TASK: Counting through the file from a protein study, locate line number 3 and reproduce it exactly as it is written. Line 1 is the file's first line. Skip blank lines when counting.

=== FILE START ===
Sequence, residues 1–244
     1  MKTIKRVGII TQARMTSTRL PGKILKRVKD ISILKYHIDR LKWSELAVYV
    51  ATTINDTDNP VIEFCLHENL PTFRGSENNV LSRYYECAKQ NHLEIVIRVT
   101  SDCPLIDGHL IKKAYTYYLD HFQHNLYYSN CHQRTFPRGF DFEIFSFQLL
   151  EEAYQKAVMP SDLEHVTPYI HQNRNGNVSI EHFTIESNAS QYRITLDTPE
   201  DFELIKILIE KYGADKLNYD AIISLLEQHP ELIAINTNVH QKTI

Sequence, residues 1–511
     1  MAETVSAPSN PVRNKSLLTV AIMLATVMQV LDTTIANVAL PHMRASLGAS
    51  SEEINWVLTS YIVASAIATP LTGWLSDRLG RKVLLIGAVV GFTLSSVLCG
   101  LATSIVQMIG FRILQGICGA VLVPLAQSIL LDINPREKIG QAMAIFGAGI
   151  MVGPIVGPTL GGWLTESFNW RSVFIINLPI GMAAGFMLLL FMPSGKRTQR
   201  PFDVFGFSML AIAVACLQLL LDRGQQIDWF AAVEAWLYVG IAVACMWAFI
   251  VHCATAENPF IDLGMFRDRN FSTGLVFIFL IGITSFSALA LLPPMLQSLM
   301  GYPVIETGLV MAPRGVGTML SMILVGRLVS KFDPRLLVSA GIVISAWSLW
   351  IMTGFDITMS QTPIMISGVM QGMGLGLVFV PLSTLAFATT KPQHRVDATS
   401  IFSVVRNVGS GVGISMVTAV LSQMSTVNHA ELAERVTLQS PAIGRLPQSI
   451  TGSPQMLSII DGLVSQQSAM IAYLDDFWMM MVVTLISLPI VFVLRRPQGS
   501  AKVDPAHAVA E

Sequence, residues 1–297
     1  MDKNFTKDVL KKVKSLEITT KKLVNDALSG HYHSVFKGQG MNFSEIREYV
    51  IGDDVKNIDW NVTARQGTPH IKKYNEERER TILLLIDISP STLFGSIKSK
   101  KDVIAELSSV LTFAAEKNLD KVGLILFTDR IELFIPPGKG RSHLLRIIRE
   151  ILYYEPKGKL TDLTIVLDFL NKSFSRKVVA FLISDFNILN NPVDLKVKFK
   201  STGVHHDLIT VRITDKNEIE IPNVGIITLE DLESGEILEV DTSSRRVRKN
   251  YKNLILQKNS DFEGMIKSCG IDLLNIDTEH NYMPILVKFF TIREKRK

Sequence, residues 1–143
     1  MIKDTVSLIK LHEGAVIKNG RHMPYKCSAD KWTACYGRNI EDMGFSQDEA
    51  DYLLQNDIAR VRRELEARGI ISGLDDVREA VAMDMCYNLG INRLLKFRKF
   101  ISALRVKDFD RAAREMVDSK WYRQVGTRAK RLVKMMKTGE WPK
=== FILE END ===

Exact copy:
    51  ATTINDTDNP VIEFCLHENL PTFRGSENNV LSRYYECAKQ NHLEIVIRVT